Two longitudinal evaluations of the WITS Programs have been conducted. The first efficacy evaluation (2001 to 2006) followed 430 children and their families and collected four waves of data (Leadbeater et al., 2003; Woods, Coyle, Hoglund & Leadbeater, 2007). The second (2006 to 2008) involved 1,130 children, their families and teachers across three waves of data (Leadbeater, Sukhawathanakul, Yeung & Desjardin, in preparation).
These studies show that, compared to children in control schools, children in schools with well-established WITS Programs report more physical and relational victimization. This is consistent with the WITS Programs’ aim to encourage children to report victimization or ‘Seek Help’ and suggests program school children are capable of identifying victimization episodes and reporting them. Findings also showed that rates of physical victimization declined significantly faster in program schools compared to control schools. In addition, the second study showed that teachers in program schools consistently rated children’s levels of social responsibility higher than teachers in control schools.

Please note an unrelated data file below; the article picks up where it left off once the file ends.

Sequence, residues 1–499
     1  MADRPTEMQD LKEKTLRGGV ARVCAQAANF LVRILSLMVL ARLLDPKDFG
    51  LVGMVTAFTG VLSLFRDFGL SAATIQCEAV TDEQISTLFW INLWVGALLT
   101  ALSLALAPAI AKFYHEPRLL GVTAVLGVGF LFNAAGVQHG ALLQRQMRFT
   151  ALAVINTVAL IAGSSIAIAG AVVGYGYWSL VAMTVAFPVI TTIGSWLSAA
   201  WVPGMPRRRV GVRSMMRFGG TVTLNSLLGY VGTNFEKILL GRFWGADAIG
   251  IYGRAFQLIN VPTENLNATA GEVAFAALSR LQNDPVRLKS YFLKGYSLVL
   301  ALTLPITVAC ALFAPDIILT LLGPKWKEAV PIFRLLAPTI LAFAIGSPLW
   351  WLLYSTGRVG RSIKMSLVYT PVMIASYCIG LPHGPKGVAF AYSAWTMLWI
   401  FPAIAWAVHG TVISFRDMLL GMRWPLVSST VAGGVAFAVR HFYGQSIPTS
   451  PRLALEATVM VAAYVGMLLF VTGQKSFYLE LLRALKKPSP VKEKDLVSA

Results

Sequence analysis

Check out our Research and Evaluation page to learn more about research and evaluation related to peer victimization and the WITS Programs.